Some owners report having clearance issues in the transmission tunnel and that the tunnel needed some "massaging" to have the T56 fit. This seems to be most commonly encountered when the stock crossmember has been modified in attempt to be re-used, or a custom one has been fabricated. Others have reported no issue at all. Furthermore, depending on your exhaust setup, modifications may need to be made there in order to have no interference. Some owners have had to modify the x/h-pipe, bend exhaust, move hangars and even relocate the catalytic converters. I guess every Foxbody install is somewhat unique.

Installing a Ford T56 into a Foxbody

Installing a Ford version T56 into a Foxbody Mustang is essentially the same thing as above. In this case however, you do NOT need a 26-spline clutch, as Ford T56 models maintain a 10-spline input shaft and are thus compatible with regular OEM-style Mustang clutches. Which bellhousing and resulting clutch fork position is left up to you, but again, recall that 83-93 Foxbody Mustangs came with a T5 using a 9 o'clock fork position. Any Ford version T56 transmission will have come from a later model Mustang that used a 7 o'clock position. For best fit, it is recommended to revert back to the stock 9 o'clock position, but this entails purchasing an additional adaptor piece from McLeod. For further clarification, read note #2 above.

  • Clutch - retains stock 10-spline clutch
  • 27-spline slip yoke: Since Ford T56s (from production Cobras) use a 27-spline output shaft, you will need to use a 27-spline driveshaft yoke. Ideally, you will get a matching driveshaft and yoke together.
  • Speedometer: Some Ford T56's came equipped to use a mechanical speedo. In this case, you may only need a longer cable (92", from a 1991 F150 supposedly does the trick). Some owners report being able to re-use the stock cable whereas others did indeed need a longer one. For electronic speedo equipped T56s, you need to change to an electronic speedometer, or use a Abbott Cable X conversion box. (Same as Magnum, above)

Installing a T56 into an SN95

With an SN95, we don't need to worry about the bellhousing and clutch fork. Here are the revisions necessary to install a T56 into an SN95.

  • Clutch
    • match with number of splines on input shaft. See note #1 above if using a dual disc clutch.
  • Bellhousing
    • 94-95 5.0L: Quicktime #RM-8031
    • 1996 4.6L: If you have a Ford T56 (out of a Cobra) that comes with the bellhousing, you can use that as-is. If you are missing the bellhousing, you need Quicktime #RM-8080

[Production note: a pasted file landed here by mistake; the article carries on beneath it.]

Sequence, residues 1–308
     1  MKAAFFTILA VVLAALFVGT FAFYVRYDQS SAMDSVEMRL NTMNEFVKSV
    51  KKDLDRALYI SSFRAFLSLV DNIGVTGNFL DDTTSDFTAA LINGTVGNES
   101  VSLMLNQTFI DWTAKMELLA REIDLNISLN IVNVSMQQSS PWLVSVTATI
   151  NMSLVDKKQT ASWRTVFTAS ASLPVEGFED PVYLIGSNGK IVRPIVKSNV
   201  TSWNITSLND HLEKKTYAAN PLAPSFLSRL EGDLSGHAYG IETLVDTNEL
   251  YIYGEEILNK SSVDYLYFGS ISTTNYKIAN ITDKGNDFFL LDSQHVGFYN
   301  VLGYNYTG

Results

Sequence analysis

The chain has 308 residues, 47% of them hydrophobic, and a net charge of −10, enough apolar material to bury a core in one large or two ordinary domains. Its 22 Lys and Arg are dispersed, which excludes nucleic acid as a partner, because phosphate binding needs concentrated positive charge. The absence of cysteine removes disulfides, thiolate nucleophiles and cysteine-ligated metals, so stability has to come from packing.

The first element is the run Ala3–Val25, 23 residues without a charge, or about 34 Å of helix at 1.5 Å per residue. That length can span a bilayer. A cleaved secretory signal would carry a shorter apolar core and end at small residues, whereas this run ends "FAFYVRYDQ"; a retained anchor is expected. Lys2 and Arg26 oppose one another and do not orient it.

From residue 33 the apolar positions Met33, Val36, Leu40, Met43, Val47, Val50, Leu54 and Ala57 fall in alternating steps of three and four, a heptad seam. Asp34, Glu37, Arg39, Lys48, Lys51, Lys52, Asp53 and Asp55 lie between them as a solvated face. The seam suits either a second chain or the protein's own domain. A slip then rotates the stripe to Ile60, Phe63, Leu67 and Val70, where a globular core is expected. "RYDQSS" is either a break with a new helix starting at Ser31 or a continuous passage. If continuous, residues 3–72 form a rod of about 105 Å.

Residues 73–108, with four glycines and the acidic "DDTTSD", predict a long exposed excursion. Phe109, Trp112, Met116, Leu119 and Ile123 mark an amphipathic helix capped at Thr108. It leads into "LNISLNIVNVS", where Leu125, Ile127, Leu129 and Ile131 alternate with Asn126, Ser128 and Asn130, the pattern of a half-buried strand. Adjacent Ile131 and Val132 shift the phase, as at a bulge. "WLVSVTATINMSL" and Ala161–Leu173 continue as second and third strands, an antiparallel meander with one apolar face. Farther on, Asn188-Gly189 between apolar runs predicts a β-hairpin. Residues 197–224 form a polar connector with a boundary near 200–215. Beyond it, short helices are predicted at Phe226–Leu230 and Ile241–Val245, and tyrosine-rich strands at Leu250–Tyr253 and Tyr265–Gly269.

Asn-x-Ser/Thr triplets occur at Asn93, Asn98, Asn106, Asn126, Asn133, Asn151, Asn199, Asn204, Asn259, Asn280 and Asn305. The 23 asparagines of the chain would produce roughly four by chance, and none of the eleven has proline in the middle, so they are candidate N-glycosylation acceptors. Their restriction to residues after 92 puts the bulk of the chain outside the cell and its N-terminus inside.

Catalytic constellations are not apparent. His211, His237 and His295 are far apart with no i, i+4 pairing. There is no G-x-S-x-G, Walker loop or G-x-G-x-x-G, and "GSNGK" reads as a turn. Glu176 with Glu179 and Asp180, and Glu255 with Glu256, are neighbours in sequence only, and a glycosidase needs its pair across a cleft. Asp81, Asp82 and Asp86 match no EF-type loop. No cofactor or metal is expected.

• Clutch fork
  • Crossmember
    • You can buy new, or there are multiple ways to modifiy the stock crossmember to work. It gets a bit complicated, so with that in mind, for further information on crossmember modification, check out this great link from modular fords.

You can reuse your stock tranny crossmember on the T-56. For the mount you will either have to get the Prothane Conversion mount (part number 6-1608) or get a mount from an F-body car that used a T-56. I used an F-body tranny mount on mine and had to drill one hole in the tranny crossmember. I later swapped to the Prothane conversion mount, it's much nicer.

You will have to move your tranny crossmember mounts back or forward as well. It will depend on whether you are swapping into a GT or a Cobra. On a Cobra you will move the mounts forward on a GT you move the mounts back. On the Cobra you use the rear hole on mount in the forward hole on the frame, and then drill a new hole for the forward hole. Vice versa on the GT's (they need to move back). -Helomech74

  • Buying crossmember new:
    • 1994-1998 Mustang - AJE #MU-7061
    • 1999-2004 Mustang - AJE #MU-7070
  • Driveshaft: Total length should be ~44.7 from front u-joint center to rear u-joint center. 3/4" of yoke should be visible.
  • Slip yoke: Match with the number of splines of the output shaft. Depending on what transmission you have, you either need a 27-spline yoke or a 31-spline yoke.
  • Lockout solenoid: Using the following pigtail connections, most guys run the reverse lockout solenoid to a simple toggle switch mounted in a convenient place up front. Once installed and connected, simply flick the switch to disable the lockout and easily shift into reverse. When underway, flick the switch back and the lockout will once again become engaged. Or, other guys don't bother and just muscle the shifter into gear.
    • GM #12101857 or ACDelco #PT249 (cheaper)
  • Speedometer: For electronic speedometers, use Dallas Mustang Speed-Cal box.

What Shifter for my T56?

A T56 will come with a stock shifter from Tremec. It is left up to you as to which handle or knob you would like to put on it. However, most guys do away with the stock shifter entirely and replace it with a Steeda Tri-Ax.